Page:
Like a good single, a terrible one reveals itself after airplay and forbearance. I don’t want to hate songs; to do so would shake ever-sensitive follicles, and styling gel is expensive. I promise my readers that my list will when possible eschew obvious selections. Songs beloved by colleagues and songs to which I’m supposed to genuflect will get my full hurricane-force winds, but it doesn’t mean that I won’t take shots at a jukebox hero overplayed when I was at a college bar drinking a cranberry vodka in a plastic thimble-sized cup.
The Bangles – “Walk Like an Egyptian”
PEAK CHART POSITION: #1 in December 1986
Until 1988’s “In Your Room,” the Bangles had written not a note of their three top ten singles to date, but no one minded because the other two were “Manic Monday” and “Hazy Shade of Winter.” Prince, of course, using the pseudonym Christopher, wrote the former, reportedly after singer/rhythm guitarist Susanna Hoffs caught his eye in a video; while Simon and Garfunkel did little with their staid folk number until the Bangles added a metal guitar solo, picked up the tempos, and unleashed their always impressive harmonies for the sake of a California-dreaming number recorded for Less Than Zero, where Robert Downey, Jr. begs James Spader to stop pimping him out. Based on their earlier material Hoffs and guitarist-songwriter Vicki Peterson gave the impression that they’d partied with or dated guys like Spader (and Downey), perhaps even frequenting houses with wall-to-wall TVs. It remains one of the most remarkable covers in pop.
More than eight months after “Manic Monday” peaked at #2, the quartet needed another single to pump life into the steadily selling but no sales gargantuan Different Life (a cover of Jules Shear’s “If She Knew What She Wants,” the album’s most beguiling number, had stalled at #29 that summer). Chastened after Toni Basil and Lene Lovich had rejected or shelved, respectively, a song he thought had potential, writer Liam Sterberg offered “Walk Like an Egyptian” to producer David Kahne. The innocuous novelty item became a worldwide hit, the #1 song of 1987 in America.
Ever since Chubby Checker and probably earlier, we’ve liked dance novelties. The Time had a minor hit with “The Bird” a couple years earlier. I would hazard to say that “Egyptian” took off based on its video: one of those depictions of jus’ folks doing “weird” dancing that, after the “Twist and Shout” sequence in Ferris Bueller’s Day Off and the protracted lip syncing scene in David Byrne’s True Stories, capitalized on 1986’s most questionable trend. Also, Hoffs in close-up rolled her eyes from side to side, which made millions of young men happy. The rest is a farrago: muddy-sounding, prolix to no end, and dumb. With the opening bang of a gong and the shake of Debbi Petersen’s tambourine, the song kicks up a cloud of steam on its way to the subterranean homesick blues. I count two moments to treasure: Hoffs’ twang when she sings, “If you wanna find all the cops/They’re hangin’ out in the donut shop”; and the Aquarius Era pitch bends of the harmonies (OH WHEY OH WHEY OH). At the time I hated it as much as “You Give Love a Bad Name” and “The Next Time I Fall in Love.”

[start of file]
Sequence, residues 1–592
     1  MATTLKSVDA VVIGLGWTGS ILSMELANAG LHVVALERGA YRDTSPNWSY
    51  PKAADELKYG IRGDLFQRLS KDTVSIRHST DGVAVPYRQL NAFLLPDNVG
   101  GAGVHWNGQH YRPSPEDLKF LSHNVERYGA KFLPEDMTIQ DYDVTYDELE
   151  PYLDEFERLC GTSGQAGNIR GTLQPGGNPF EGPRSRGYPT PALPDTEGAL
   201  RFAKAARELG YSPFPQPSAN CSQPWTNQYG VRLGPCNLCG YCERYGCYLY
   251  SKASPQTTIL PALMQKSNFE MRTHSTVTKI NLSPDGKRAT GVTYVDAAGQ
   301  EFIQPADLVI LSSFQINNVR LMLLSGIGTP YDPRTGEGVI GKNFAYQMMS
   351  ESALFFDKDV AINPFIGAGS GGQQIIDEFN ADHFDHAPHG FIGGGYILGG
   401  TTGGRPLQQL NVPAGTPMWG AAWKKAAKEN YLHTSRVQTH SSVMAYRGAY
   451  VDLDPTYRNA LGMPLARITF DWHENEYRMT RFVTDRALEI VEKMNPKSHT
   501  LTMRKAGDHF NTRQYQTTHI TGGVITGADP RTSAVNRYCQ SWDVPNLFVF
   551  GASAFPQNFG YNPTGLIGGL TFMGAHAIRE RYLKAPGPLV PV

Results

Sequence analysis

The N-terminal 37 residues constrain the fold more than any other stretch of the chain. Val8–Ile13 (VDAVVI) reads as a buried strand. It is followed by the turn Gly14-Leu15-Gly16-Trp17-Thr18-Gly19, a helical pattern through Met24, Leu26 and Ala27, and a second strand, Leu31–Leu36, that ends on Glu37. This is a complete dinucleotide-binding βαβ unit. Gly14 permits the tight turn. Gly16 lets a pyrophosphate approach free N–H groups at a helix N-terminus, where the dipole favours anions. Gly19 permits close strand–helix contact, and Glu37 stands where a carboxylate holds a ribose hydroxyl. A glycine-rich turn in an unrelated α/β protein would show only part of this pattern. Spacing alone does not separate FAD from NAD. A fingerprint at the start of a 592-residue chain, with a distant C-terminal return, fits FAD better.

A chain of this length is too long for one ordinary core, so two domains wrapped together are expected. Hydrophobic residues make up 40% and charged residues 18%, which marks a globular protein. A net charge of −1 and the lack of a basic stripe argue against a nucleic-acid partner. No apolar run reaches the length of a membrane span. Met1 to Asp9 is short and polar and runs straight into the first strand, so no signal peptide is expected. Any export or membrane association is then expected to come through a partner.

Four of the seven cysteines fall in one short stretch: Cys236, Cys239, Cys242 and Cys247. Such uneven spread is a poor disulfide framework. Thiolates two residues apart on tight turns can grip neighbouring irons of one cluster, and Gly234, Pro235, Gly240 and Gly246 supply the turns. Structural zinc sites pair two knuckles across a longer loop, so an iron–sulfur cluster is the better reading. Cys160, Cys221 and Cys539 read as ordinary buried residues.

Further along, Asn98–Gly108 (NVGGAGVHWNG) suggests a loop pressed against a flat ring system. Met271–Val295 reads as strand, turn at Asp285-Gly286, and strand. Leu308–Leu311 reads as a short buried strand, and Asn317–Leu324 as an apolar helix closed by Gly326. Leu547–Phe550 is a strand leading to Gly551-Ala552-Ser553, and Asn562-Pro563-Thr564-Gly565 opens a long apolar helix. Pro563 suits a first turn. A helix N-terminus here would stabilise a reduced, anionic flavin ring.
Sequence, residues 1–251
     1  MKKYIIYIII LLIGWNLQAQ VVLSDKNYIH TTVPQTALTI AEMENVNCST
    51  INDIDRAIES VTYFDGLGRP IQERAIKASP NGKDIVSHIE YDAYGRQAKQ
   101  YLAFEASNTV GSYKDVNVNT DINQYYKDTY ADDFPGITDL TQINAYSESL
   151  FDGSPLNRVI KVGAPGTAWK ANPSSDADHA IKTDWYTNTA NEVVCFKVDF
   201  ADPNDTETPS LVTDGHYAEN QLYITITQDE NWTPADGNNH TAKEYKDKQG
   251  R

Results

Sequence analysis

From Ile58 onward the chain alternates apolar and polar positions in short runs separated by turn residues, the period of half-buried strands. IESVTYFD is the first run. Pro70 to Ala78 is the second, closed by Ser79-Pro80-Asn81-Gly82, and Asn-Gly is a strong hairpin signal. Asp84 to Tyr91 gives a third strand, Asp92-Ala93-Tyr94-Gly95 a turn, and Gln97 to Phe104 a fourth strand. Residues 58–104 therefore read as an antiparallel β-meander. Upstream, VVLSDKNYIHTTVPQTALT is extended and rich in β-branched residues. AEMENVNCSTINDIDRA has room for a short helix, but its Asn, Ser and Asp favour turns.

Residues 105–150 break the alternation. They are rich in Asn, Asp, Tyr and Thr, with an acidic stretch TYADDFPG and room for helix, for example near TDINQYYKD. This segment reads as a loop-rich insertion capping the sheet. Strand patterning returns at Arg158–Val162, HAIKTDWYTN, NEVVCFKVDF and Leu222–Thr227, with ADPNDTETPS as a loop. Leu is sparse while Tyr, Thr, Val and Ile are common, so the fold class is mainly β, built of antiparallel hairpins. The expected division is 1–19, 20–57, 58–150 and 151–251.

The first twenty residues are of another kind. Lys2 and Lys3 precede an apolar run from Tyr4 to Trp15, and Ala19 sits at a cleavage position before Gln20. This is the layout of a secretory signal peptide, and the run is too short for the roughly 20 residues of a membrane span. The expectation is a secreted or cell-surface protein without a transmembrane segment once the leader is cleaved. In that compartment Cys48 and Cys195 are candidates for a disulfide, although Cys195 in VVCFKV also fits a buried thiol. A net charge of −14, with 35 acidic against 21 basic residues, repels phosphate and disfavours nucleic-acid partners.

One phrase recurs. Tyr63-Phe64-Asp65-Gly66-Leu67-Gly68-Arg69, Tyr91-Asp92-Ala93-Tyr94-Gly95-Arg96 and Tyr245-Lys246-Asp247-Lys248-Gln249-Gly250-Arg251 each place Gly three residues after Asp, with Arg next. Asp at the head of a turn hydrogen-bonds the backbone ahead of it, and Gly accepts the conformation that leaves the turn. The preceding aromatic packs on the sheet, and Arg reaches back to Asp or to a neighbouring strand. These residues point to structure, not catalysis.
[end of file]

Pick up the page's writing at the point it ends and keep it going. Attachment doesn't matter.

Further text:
Say this for the band, though: Different Light‘s four singles are discrete entities (“Walking Down My Street,” the only one co-written by a Bangle, is the callback to All Over the Place). Despite their wariness, Different Light still sounds solid. The title track, “Return Post,” and “Let It Go” boast gauche synth pads in spots but retain the band’s shrewdness and vivacity. And “Following” is on another level: about a doomed high school crush, possibly of the same gender, in which Kahne’s manipulations of space isolate bassist Michael Steele and her memories. Frustrated by Kahne’s interventions, particularly his decision to cut Debbi Peterson out of “Egyptian” because he didn’t like her voice (she plays the tambourine, as if it were a divorce settlement), they insisted on co-writing every song on 1988’s Everything, albeit with song doctors, and it’s a lousy record — even the fractious, coke-addled Go-Go’s resisted that drug. “In Your Room” works; “Eternal Flame,” well, ça dépend, as our French colleagues say, depending on my mood. Everything is All Over the Place recorded by a parody band.
I was going to quote their greatest non-hit (“I won’t feel bad at all/When the hero takes a fall”) if 2011’s Sweethearts of the Sun didn’t exist — a wee thing of an album, but a reminder of how far Rickenbackers and sun-kissed harmonies can go. “Walk Like an Egyptian” paid for them. To assume that the Bangles and/or their A&R men picked “Egyptian” because they didn’t trust the band’s songwriting wouldn’t be a stretch; “Following” was not going to compete in the Bon Jovi era. But the fissures of self-doubt the single caused led to The Bangles’ collapse, and I’m sorry. On the other hand, maybe All Over the Place is all they had in them. Won’t be feelin’ sorry, sorry, sorry on the judgment day.